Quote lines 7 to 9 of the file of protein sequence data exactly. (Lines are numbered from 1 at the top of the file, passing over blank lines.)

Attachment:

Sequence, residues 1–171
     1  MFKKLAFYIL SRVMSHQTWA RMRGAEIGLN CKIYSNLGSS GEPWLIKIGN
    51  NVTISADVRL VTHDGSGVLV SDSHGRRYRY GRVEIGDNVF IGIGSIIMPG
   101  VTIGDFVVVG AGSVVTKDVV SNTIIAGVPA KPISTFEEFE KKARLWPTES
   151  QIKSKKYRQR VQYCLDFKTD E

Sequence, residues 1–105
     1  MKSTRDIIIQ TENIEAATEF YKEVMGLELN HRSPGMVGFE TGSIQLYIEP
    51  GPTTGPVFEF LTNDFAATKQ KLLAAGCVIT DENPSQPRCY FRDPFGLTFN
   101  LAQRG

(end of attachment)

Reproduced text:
     1  MKSTRDIIIQ TENIEAATEF YKEVMGLELN HRSPGMVGFE TGSIQLYIEP
    51  GPTTGPVFEF LTNDFAATKQ KLLAAGCVIT DENPSQPRCY FRDPFGLTFN
   101  LAQRG